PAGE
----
Among other things, I've also been taking a course on WikiEducator. That's another site with a similar purpose to Wikiversity. Over there, you can actually take online courses on how to use the wiki markup language and there are several levels of wiki certification. I'm about to finish the 19th certification workshop, which was really well done, and the 20th is on Feb. 23-27. Are you interested? The site is http://www.wikieducator.org/Learning4Content/Registration --AFriedman 22:07, 5 February 2009 (UTC)
OK, I guess I can forgive you, I saw your edits, but that was DAYS ago, and I have no idea if you have seen how deep I have gotten yet. (Unlike most portals my portal is not only skin deep!
and you haven't dropped by my Courseware Forum to second the idea of a course on non-genetic Darwinism, which I won't be able to deal with until I get a little more depth to the Institute site.
Glad to hear that there are certification courses, do they cost money?--Graeme E. Smith 02:12, 6 February 2009 (UTC)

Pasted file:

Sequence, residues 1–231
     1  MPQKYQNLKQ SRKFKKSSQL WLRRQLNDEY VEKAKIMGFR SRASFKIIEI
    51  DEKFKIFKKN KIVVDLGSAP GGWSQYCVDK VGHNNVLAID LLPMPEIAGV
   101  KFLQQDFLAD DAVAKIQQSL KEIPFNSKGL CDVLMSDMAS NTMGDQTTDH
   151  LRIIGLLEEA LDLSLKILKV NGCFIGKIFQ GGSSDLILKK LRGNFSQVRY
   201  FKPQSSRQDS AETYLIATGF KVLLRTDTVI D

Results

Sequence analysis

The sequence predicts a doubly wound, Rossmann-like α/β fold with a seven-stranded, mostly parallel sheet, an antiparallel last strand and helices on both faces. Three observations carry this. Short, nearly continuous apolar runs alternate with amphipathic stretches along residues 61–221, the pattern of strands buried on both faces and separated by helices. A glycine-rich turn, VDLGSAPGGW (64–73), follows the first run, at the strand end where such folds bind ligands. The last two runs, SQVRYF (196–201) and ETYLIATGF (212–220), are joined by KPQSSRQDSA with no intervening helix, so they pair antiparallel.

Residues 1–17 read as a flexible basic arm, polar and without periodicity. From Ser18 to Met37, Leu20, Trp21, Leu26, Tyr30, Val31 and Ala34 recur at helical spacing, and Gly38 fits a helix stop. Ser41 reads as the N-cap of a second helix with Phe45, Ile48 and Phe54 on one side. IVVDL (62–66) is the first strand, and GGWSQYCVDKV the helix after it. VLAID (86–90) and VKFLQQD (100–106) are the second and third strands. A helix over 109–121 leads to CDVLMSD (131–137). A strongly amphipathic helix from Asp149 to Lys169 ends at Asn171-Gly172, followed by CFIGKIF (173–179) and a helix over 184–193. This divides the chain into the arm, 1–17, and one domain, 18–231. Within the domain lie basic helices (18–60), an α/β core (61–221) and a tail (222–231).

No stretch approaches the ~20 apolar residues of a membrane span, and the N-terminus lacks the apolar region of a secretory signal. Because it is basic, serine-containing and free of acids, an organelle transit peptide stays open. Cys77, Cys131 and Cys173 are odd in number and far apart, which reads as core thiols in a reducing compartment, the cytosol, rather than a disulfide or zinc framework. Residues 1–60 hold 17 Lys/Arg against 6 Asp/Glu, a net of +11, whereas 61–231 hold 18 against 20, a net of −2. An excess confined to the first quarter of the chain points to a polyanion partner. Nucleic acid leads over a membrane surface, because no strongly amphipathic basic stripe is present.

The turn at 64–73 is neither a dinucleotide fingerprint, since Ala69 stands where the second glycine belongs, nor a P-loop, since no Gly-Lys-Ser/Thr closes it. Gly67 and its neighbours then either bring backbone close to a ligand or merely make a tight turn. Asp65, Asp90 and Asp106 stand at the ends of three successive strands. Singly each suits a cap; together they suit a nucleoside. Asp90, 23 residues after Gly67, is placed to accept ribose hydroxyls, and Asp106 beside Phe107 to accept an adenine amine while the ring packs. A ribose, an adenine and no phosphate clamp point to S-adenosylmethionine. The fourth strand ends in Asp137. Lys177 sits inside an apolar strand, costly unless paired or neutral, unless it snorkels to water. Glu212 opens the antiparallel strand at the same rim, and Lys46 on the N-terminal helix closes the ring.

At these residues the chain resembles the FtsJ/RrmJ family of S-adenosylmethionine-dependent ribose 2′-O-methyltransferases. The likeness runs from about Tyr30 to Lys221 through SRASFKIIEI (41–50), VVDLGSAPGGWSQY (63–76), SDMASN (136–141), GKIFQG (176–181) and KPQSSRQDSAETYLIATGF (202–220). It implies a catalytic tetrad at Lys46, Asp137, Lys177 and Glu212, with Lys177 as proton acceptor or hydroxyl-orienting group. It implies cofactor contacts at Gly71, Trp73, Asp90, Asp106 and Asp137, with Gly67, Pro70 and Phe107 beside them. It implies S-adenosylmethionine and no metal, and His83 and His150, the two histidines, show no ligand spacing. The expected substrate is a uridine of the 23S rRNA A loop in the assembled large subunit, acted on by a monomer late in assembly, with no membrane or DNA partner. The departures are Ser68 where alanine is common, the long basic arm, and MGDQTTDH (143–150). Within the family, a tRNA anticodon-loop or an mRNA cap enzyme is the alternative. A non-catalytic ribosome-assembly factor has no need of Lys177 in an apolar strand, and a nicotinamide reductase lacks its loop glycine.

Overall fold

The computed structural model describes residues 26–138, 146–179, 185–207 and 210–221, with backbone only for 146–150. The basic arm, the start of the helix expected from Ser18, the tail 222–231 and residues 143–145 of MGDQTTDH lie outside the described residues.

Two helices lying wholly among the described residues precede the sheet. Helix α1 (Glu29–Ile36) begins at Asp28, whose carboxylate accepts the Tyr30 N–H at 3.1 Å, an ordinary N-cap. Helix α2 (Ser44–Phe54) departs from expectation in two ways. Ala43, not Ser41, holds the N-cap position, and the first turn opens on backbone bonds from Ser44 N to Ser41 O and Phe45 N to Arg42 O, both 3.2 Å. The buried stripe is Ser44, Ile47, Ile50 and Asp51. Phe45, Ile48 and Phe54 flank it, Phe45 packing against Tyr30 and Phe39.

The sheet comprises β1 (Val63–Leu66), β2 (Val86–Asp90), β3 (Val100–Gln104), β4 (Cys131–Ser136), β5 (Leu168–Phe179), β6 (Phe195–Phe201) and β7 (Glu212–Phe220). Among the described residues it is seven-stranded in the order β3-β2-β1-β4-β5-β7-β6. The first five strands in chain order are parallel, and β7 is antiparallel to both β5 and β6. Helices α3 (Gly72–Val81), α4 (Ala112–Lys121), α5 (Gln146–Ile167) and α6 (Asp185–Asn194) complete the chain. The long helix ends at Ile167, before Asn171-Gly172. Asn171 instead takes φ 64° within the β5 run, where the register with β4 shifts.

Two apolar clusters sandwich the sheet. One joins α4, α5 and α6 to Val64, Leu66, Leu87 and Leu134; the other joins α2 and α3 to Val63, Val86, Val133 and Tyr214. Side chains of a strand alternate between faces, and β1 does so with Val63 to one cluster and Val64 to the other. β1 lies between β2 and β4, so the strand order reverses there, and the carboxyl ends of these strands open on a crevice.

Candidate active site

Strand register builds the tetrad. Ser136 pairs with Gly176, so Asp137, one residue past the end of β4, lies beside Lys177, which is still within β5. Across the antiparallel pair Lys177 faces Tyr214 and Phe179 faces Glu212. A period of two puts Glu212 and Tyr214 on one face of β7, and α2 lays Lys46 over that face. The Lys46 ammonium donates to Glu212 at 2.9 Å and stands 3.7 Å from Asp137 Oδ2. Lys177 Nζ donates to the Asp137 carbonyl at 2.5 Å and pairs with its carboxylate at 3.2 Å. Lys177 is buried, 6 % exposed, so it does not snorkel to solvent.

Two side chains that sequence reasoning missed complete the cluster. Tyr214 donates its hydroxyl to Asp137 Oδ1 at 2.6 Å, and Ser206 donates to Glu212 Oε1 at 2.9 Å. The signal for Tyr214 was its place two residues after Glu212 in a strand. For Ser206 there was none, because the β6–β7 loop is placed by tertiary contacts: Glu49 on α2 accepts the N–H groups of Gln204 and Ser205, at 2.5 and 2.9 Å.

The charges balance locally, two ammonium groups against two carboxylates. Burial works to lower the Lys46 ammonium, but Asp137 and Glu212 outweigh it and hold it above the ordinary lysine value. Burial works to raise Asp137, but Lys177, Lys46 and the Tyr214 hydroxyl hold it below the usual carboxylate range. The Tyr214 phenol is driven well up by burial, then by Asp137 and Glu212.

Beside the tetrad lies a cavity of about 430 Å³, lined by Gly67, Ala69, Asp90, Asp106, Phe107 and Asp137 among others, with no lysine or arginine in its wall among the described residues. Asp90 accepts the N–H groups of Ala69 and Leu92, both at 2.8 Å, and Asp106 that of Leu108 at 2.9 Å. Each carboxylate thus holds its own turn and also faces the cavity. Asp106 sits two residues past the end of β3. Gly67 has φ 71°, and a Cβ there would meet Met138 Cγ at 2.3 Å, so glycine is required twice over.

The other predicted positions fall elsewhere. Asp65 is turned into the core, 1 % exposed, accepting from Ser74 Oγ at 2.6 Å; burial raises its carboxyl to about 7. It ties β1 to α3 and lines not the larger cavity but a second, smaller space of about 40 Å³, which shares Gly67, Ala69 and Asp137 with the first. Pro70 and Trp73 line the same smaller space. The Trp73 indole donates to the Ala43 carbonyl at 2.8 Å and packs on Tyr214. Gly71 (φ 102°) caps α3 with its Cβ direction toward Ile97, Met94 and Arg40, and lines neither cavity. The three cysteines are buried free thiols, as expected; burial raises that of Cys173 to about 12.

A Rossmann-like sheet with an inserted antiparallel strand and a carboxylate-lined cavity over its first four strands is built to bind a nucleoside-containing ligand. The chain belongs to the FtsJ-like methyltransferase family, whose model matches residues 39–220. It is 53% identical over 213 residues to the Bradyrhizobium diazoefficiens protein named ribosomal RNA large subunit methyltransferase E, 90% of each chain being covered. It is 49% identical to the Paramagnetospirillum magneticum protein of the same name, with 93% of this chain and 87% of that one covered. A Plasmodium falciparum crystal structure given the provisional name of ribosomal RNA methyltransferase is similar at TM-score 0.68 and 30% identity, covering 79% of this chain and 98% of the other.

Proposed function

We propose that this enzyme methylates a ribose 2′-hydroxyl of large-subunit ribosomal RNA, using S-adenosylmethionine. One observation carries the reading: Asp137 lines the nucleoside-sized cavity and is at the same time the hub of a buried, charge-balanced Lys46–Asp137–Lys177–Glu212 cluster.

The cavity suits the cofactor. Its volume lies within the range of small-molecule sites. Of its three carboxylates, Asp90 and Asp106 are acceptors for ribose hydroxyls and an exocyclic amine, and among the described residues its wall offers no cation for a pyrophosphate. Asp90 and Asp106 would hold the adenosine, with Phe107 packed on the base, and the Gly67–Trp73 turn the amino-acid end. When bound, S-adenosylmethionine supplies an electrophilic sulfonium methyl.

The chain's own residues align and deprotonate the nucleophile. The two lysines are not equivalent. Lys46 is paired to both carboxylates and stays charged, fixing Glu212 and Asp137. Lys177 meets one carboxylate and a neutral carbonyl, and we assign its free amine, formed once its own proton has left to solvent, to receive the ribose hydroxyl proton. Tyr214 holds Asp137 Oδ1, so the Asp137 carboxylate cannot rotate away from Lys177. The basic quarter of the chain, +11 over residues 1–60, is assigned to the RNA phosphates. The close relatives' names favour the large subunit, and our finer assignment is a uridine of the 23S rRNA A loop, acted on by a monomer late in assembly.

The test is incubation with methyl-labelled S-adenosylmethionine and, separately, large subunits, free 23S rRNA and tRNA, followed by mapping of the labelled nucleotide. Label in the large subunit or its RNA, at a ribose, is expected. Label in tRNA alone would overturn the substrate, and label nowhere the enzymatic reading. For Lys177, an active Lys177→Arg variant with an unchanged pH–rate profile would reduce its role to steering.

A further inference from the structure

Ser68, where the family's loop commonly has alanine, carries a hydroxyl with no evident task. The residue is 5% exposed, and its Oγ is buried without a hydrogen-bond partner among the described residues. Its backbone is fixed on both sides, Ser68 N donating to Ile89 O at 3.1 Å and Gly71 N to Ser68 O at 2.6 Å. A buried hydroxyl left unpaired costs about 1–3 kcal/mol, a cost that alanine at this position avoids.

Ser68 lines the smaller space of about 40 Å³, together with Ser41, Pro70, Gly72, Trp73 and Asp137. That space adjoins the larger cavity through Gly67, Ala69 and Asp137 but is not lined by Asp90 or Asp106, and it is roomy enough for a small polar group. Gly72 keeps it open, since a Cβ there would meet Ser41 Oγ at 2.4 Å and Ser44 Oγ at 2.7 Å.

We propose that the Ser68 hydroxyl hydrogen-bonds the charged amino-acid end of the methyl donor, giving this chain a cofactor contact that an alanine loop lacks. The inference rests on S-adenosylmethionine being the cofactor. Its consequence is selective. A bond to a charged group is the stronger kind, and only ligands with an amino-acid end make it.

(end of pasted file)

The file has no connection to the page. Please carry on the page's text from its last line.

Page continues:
Hi, just wanted to drop by and suggest you look at my Artificial Consciousness course again, I just updated some links on the Neural Correlates/Synaptic Models page, and would like your feedback if you have the time.--Graeme E. Smith 20:04, 26 February 2009 (UTC)
This I'm about to do. --AFriedman 19:23, 1 March 2009 (UTC)
I am working on some of the Cell Biology you set up and fleshing them out a bit. If you want to check them out sometime and let me know what you think, that would be great...I am a little new to this.--Fapril 19:11, 22 April 2009 (UTC)
- I'm about to do this. --AFriedman 02:59, 23 April 2009 (UTC)
Ok, Now I have a problem, I thought I could just use subst: to copy the file, and edit out the parts I don't want, but it doesn't seem to recognize the filename. Since you have actually taken a course on Wiki-Language, perhaps there is a better way of copying content from one file to another? My browser won't cut and paste between screens, which was what I was originally going to try.--Graeme E. Smith 22:55, 14 February 2009 (UTC)
- What file do you want to copy? I don't understand what you are asking. --AFriedman 01:49, 15 February 2009 (UTC)
Re: Religion pages